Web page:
Like the fabled phoenix, the Kepler spacecraft may be rising from the ashes.
Previously, Kepler was going to be re-purposed for near Earth object and asteroid research. However, NASA has proposed an extended mission, called “K2,” that would have Kepler return to its exoplanet hunt by scanning large areas, focusing on smaller stars. Kepler would use light curves to detect exoplanets that orbit in front of their stars, creating a slight dip in star brightness. This dip is known as a “transit” and thousands of candidate alien worlds have been discovered by Kepler’s sensitive optics.
According to Mike Wall over at SPACE.com, the K2 mission would look out across the Earth’s orbital plane, studying up to six regions in space. Each region will be observed for at least 40 days (with the hope of extending that time to 80 days). Each new region would consist of 10,000 to 20,000 stellar targets.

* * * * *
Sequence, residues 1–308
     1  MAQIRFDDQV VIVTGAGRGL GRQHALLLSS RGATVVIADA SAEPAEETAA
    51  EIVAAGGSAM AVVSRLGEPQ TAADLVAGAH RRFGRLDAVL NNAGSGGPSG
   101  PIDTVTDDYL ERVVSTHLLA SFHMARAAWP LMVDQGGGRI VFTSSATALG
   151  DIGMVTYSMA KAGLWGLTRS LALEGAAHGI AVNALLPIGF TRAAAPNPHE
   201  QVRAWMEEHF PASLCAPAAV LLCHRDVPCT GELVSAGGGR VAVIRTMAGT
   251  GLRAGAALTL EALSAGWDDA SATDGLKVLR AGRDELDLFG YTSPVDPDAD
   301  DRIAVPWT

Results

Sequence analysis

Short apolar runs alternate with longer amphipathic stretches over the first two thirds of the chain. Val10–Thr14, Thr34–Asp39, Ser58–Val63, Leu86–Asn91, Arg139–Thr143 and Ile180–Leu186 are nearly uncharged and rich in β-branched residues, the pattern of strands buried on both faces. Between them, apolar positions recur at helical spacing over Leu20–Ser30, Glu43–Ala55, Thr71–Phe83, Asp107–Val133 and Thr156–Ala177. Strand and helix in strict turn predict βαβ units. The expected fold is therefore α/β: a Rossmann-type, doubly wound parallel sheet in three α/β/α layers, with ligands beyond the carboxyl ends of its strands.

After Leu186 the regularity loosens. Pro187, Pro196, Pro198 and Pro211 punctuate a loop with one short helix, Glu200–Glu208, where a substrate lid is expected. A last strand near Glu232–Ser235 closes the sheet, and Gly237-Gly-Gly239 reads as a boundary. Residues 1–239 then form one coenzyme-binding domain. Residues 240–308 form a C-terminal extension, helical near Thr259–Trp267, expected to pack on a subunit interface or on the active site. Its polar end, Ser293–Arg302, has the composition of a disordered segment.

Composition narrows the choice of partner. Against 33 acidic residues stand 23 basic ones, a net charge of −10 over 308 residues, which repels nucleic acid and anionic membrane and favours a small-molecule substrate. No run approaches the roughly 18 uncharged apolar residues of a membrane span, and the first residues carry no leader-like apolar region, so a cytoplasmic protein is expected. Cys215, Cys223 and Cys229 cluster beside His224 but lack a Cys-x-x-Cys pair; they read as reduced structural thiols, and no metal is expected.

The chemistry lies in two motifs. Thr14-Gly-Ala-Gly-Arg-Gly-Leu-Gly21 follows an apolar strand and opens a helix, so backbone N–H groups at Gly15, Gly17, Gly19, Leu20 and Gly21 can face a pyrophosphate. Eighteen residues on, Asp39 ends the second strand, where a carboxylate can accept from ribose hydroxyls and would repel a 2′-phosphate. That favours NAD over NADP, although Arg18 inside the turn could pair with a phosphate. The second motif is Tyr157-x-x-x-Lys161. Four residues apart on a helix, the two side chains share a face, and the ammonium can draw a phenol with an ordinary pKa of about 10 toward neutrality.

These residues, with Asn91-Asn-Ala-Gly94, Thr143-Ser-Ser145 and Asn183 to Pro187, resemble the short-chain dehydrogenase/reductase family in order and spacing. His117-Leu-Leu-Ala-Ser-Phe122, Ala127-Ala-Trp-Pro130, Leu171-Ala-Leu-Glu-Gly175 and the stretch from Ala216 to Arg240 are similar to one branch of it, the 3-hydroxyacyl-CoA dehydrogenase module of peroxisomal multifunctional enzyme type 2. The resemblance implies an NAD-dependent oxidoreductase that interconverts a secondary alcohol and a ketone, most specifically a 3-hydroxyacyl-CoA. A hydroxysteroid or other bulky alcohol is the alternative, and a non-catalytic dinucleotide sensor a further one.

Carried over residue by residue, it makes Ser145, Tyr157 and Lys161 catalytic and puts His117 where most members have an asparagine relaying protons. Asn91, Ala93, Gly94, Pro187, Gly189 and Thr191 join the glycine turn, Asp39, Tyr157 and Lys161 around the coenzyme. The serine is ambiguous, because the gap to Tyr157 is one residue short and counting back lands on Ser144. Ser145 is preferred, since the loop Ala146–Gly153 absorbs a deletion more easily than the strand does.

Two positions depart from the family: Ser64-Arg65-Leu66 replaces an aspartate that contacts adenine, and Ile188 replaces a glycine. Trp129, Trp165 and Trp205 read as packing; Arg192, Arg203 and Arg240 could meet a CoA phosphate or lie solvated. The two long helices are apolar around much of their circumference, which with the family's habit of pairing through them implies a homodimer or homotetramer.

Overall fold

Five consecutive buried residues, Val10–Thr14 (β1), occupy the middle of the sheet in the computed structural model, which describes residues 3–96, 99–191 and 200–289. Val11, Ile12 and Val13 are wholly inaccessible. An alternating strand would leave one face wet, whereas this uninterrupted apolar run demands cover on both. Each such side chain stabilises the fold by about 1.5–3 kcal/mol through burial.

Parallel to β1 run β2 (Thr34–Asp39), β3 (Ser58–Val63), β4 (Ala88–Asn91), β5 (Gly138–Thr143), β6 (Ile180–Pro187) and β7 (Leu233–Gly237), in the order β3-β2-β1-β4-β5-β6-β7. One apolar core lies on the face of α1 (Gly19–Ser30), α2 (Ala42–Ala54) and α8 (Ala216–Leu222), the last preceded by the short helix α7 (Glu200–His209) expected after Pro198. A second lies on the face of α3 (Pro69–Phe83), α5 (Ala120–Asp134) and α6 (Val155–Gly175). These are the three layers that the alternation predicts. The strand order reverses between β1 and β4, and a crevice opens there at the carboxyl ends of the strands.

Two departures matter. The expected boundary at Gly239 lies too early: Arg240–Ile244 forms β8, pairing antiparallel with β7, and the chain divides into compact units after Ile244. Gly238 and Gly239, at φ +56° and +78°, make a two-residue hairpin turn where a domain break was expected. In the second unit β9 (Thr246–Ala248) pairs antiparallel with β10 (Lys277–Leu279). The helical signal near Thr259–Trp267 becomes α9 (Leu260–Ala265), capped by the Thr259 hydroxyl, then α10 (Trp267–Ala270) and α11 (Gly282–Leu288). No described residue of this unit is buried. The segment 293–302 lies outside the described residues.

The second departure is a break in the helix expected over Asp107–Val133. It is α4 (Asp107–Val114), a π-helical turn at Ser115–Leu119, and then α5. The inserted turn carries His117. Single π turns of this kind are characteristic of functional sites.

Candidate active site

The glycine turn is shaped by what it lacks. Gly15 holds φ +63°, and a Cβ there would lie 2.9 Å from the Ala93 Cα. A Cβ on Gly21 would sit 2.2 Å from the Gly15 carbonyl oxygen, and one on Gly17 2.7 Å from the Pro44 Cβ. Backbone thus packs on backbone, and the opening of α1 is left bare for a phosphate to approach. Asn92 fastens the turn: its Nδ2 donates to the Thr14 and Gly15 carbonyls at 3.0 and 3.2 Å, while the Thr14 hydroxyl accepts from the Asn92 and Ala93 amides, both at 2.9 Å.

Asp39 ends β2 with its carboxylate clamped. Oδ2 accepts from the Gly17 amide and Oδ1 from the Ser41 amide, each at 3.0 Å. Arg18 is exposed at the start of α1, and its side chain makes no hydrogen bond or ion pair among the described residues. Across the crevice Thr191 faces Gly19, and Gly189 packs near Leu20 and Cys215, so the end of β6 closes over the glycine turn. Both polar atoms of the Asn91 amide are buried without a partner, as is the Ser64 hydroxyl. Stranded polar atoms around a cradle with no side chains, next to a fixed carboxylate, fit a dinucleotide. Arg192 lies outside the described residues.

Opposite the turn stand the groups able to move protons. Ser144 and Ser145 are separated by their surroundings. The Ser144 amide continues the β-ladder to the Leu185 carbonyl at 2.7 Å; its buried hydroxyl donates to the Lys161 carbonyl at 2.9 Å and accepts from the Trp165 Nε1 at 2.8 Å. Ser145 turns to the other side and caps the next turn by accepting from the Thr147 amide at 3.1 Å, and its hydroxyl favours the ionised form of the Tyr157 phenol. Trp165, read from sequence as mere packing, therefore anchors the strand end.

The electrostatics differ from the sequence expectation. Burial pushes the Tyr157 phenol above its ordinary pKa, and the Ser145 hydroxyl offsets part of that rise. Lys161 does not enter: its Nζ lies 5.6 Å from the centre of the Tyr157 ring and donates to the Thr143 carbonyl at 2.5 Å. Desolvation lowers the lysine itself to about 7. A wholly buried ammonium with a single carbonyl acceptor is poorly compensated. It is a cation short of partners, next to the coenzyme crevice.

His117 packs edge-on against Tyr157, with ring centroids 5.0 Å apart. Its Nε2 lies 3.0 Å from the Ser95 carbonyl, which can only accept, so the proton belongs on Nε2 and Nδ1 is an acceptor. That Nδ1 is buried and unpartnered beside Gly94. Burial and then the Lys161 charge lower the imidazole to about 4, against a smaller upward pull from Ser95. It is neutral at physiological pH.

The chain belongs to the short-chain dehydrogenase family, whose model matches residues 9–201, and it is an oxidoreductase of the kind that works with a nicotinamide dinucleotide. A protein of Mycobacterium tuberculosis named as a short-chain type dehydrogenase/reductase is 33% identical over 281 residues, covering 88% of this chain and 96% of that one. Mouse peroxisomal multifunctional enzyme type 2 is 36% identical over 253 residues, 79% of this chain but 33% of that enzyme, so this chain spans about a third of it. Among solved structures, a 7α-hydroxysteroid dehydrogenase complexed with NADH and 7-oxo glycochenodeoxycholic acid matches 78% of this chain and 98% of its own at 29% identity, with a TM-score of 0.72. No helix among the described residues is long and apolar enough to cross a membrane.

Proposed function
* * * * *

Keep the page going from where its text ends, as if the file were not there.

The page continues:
Considering that this new mission could cover 10 times more area than the original mission could mean that Kepler could still make more outstanding findings. With already thousands of candidates already needing to be confirmed and reviewed, it could take many more years before all the current data is understood.
Keep on burning brightly Kepler.
– Ex astris, scientia –
I am and avid amateur astronomer and intellectual property attorney in Pasadena, California and I am a Rising Star as rated by Super Lawyers Magazine. As a former Chief Petty Officer in the U.S. Navy, I am a proud member of the Armed Service Committee of the Los Angeles County Bar Association working to aid all active duty and veterans in our communities. Connect with me on Google +